Founded in 2016 by siblings Anna and William Brightman, UpCircle rescues by-products and incorporates them as the main ingredients in a range of beauty products.
Over the last five years, they have gone from strength to strength. They shook hands on air with three of the BBC’s Dragons’ Den investors in 2018, but felt the need to walk away from the deal once filming was over. The validation helped, but they chose to pursue their goals without that financial support.
They went on to win a public pitch to supply Sainsbury’s, launch a groundbreaking Refill and Reuse programme tackling single-use plastics, and now they’re planning an expansion into the United States later this year.
And so, Anna Brightman tells us…
“At UpCircle, we make sustainable skincare products from ingredients which would otherwise be discarded. We’re doing things differently. We are known as the pioneers of “by-product beauty” or “circular skincare”. Nature gives us lots of wonderful ingredients that make our skin healthier and more radiant – like used coffee grounds, fruit stones and brewed chai spices. But they often end up going to landfill.
The idea began five years ago. I asked a local coffee shop what they did with their waste coffee and was shocked to hear that they were producing so much that they had to pay the council to have it removed and disposed of on landfill sites.
Throughout my teenage years I wanted to be a makeup artist so I always had a keen interest in beauty and skincare. I knew that coffee had loads of great skincare benefits, so that was my lightbulb moment. Why not repurpose the coffee into sustainable circular skincare products?
Why should all that good stuff go to waste? It shouldn’t. Now we repurpose more than ten by-product ingredients from the argan, tea, juice, date, olive and wood industries.
When we discovered that more than 500,000 tonnes of coffee grounds are sent to landfill each year in the UK alone, we decided to start collecting coffee from cafes across London and transforming them into skincare products.
Since launching UpCircle has saved over 350 tonnes of used coffee, which helps to reduce this problem. Based on our current rates of growth it is estimated that this will rise to 1000 tonnes in the next 5 years.
“There’s a lot of consumer interest in brands impatient to enact change”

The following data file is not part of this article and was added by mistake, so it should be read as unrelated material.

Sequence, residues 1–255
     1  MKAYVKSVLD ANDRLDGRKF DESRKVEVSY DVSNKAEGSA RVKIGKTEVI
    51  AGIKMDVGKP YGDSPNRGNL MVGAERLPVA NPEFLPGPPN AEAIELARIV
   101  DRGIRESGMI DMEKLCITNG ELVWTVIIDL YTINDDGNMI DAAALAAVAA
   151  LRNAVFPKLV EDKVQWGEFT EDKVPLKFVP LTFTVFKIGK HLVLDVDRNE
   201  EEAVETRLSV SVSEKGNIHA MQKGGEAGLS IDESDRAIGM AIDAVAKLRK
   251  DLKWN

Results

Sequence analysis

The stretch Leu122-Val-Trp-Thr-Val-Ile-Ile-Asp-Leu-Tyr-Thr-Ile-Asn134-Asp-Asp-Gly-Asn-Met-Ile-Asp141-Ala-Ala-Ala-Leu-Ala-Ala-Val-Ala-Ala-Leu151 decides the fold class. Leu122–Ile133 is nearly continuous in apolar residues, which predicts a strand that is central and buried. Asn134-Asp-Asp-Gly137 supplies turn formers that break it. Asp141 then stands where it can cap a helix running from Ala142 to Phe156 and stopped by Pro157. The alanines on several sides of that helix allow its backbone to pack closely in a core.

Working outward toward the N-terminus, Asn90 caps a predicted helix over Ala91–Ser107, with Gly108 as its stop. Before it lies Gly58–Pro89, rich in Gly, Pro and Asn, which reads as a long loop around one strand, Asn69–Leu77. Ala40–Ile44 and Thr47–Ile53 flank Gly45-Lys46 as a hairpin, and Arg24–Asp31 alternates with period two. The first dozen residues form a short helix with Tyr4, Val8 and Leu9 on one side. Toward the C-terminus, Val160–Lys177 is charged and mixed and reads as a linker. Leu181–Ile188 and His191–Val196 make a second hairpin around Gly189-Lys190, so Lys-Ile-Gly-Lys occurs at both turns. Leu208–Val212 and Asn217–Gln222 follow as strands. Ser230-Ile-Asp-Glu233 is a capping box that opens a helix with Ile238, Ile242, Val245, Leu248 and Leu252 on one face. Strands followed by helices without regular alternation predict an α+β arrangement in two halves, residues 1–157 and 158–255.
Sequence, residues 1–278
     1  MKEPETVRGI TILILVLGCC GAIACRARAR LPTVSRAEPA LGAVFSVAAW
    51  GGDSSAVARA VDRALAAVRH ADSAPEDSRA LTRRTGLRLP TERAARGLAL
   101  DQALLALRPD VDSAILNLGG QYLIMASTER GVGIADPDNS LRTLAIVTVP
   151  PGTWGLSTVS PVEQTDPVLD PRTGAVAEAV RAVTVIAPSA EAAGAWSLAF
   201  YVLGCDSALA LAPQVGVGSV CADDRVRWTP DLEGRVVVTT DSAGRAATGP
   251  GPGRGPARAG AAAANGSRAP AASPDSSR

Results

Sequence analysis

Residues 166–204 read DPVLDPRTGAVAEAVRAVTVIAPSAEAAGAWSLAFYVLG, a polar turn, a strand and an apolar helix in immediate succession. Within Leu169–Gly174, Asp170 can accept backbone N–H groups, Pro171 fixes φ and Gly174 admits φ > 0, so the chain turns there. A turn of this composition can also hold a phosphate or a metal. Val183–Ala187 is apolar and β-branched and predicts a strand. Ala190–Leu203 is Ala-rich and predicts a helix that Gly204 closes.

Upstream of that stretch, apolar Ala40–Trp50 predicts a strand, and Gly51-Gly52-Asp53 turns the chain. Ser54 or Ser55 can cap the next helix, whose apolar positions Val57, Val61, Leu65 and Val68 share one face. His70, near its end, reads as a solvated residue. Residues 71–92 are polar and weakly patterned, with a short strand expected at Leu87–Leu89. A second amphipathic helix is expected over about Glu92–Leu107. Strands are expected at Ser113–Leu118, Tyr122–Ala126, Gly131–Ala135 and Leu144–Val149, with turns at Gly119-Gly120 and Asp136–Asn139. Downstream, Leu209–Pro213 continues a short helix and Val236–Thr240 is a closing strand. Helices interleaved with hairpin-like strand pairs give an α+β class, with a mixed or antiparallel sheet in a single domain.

Our brand name encapsulates our core purpose: sustainability and promoting the power of the circular economy. UpCircle hints at upcycling, the process of making something better from things that already exist.
Circularity and sustainability isn’t a part of our business, it IS our business.
Every ingredient we upcycle has to benefit everyone involved and it’s also important for us to make use of every part of any plant that we choose to grow. Take argan for example – there are many positives of the argan oil industry.
The tree itself helps to prevent desertification and soil erosion. It provides food and shelter to local communities and the leaves and fruit are used as animal feed.
It also supports around 2.2 million people in the major production area, predominantly through women’s cooperatives. We believe that the shells of each nut can be used more effectively – hence we use discarded argan shells in our moisturiser. It’s a way of promoting whole system benefits.
Ethics are built into our brand DNA – integrity and transparency is important in building the foundation of a good company. At present there is a lot of consumer interest in brands who are not impatient to make money, but impatient to enact change.
“Consumers want to know: are these brands authentic or greenwashing?”
Consumers want to support authentic brands that are committed to the environment, whether that’s through sustainable ingredient sourcing, innovative packaging solutions, or natural and organic products.
They want to know: are these brands authentic or simply paying lip service, greenwashing? The idea of voting with your money is important, people want to buy from brands whose values are their own.
We ask the same questions of our beauty products that we do our food products – what is inside, how is it made, who is making it and why are they making it?
This consumer demand for transparency is ever-growing and we think it is a really positive shift. As a brand it keeps us on the top of our game if our customers hold us accountable.
The pioneering nature of what we do is illustrated by the extent of the opposition our idea received when we started out.
Mentors and investors alike told us that the industry was not ready, that tackling issues of waste in the “shallow” beauty industry would not work. Our rapid growth has proven that not only is it possible, it’s in fact extremely popular.
The performance of the ingredients within our skincare formulations is essential. No amount of pretty packaging or clever marketing can make up for a product that doesn’t do what it’s supposed to do.
“A big challenge for us is in developing our products for certification”
This is always our main priority. If we can provide competitively priced, high performing products from upcycled ingredients then we are demonstrating that the beauty industry can become a lot less wasteful – it is an innovative approach and a fresh perspective.
We’ve faced a lot of hurdles and had to start over on numerous occasions. We’ve worked with the same manufacturers from day one, they’ve been on the same rollercoaster with us, which has helped. We are the only brand to scale up repurposing ingredients into skincare formulations.